But not everything was so simple. In addition to missing her mother (who thought her daughter was on vacation in Africa), Noor soon faced dire circumstances: within a few weeks of her arrival in Paris, the Sicherheitsdienst (or SD, the SS intelligence agency) had arrested Noor’s entire spy ring—not just the two girls she arrived with, but practically every British undercover agent in Paris. British Intelligence told Noor to lie low, but she refused to stop broadcasting and wouldn’t leave her post without a replacement. So for nearly four months, Noor was basically in charge of British secret communications in Paris. To keep the Germans off her trail, she dyed her hair and traveled from safe house to safe house. When transmitting critical encoded information back to England, she could broadcast for no longer than twenty minutes at a time lest she risk detection by the German’s sneaky mobile wireless detectors. In fact, Noor was Number 1 on the SD’s Most Wanted List, and they knew nearly everything about her, from her code name to her likeness. But they couldn’t stop a girl with a mission. Noor’s perseverance saw her through many tricky operations, including helping in the escape of thirty airmen who had been shot down.

Tragically, in October 1943 Noor was betrayed—possibly by a double agent—and captured by the Germans. During her imprisonment, she told the Gestapo nothing, not even her name (though they did find a notebook in which she had written her communications, probably because of a misunderstanding during her rushed training). Even braver, Noor twice attempted escape, first by trying to climb out a bathroom window within minutes of arriving at her first prison, and second by unscrewing the bars on her cell’s skylight, hiding the plaster damage with makeup (!), and tying together sheets and blankets to form a rope that allowed her to reach the building next door. She almost got away with it, too, but was thwarted, ironically, by the increased security brought on by a British air raid. She ended up shackled in solitary confinement as a “highly dangerous” prisoner after refusing to sign a paper saying she would never again try to flee. A year later, right before the end of the war—well, go reread the first paragraph. It didn’t end well for our Noor, but she fought until the bitter end.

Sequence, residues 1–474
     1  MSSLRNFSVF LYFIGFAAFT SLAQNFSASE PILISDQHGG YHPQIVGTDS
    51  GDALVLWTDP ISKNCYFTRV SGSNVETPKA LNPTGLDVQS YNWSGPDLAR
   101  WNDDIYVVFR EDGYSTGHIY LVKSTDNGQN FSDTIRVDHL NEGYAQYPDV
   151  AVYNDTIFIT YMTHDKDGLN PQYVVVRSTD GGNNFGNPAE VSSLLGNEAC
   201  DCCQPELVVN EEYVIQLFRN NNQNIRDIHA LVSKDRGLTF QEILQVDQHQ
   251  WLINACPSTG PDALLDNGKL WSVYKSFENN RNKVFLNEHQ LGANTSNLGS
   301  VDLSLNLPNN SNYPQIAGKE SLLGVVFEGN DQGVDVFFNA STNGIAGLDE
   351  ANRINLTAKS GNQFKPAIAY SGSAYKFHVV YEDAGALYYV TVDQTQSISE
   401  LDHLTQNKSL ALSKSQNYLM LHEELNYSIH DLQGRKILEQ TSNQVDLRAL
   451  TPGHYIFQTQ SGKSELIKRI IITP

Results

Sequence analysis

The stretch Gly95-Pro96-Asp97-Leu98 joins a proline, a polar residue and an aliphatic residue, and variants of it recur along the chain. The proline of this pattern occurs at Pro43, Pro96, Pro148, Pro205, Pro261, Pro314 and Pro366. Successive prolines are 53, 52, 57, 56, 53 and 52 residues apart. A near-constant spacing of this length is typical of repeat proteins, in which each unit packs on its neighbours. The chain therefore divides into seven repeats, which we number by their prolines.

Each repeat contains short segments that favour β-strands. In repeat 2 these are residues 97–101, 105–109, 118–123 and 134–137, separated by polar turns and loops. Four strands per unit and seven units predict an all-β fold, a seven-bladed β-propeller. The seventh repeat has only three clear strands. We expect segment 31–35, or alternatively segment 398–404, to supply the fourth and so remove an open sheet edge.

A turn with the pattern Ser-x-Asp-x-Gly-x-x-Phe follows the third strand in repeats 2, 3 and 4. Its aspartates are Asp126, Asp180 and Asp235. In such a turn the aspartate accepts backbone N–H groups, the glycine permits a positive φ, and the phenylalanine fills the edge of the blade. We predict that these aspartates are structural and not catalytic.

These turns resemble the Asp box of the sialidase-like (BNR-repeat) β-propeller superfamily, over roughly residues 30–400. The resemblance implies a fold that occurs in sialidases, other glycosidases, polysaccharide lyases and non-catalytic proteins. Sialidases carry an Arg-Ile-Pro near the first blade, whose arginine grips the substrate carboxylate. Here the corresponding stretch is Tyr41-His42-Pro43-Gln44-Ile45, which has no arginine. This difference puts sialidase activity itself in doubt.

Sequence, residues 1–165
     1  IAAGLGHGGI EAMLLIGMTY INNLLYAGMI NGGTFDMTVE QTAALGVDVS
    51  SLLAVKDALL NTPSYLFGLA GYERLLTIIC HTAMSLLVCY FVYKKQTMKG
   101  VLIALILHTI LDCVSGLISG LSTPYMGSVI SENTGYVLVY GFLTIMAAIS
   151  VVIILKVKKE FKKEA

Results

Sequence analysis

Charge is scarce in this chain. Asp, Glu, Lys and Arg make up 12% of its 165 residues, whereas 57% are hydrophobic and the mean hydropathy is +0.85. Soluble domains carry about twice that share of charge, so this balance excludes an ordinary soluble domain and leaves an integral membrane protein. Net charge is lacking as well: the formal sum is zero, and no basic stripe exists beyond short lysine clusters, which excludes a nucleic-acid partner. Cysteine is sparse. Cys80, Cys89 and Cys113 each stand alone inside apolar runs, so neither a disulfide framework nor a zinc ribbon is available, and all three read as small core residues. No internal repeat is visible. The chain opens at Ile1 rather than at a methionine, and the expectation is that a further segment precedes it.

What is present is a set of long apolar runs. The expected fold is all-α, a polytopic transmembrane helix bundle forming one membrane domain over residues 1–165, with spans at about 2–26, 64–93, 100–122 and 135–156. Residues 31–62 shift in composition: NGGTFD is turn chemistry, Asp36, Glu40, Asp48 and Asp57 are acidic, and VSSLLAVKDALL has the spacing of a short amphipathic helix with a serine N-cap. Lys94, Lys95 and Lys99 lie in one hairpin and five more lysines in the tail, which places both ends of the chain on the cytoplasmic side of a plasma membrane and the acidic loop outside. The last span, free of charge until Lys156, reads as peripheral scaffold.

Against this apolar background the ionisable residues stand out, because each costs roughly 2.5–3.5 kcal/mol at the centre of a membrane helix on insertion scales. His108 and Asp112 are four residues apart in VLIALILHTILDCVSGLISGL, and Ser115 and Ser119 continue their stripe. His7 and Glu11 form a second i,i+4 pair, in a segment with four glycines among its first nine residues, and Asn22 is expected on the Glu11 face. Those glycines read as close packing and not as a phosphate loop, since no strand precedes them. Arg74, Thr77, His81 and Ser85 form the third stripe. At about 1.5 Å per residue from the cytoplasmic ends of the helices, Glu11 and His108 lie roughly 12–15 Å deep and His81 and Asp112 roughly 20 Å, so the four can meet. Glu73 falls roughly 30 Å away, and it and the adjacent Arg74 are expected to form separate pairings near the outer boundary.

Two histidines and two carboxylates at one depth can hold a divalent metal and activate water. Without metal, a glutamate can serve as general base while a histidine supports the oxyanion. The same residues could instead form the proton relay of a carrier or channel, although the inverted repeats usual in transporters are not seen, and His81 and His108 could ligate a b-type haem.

In 1949, five years after her death, Noor was awarded the George Cross, Britain’s highest honor for heroism in the face of extreme danger, and was recognized in a newspaper article as “the first woman operator to be infiltrated into enemy occupied France” who “refused however to abandon what had become the principal and most dangerous post in France.” In France, where every year a military band still plays in her honor on her home street, Noor was given a similar military decoration, the Croix de Guerre with gilt star (an extra pin to mark that she had been mentioned in an official report by a superior officer). In 2011 Noor’s biographer started a campaign to raise money to erect a bronze bust of her likeness in George Square Gardens in London. A year later, Princess Anne revealed a memorial in front of hundreds of Noor’s family members and former SOE coworkers, making Noor the first Muslim or Asian woman ever to have a memorial in all of Britain.

Noor was so kind to everyone that even the Gestapo officer in charge of her imprisonment was moved by her death. When he heard the news after the war, he broke down in tears. As her brother Vilayat noted, “All those who knew her had a deep respect for her whilst being moved by some endearing feature of her being. Was it because she so deeply cared for all those she came across—even her jailers?” More than likely. We should all be so brave.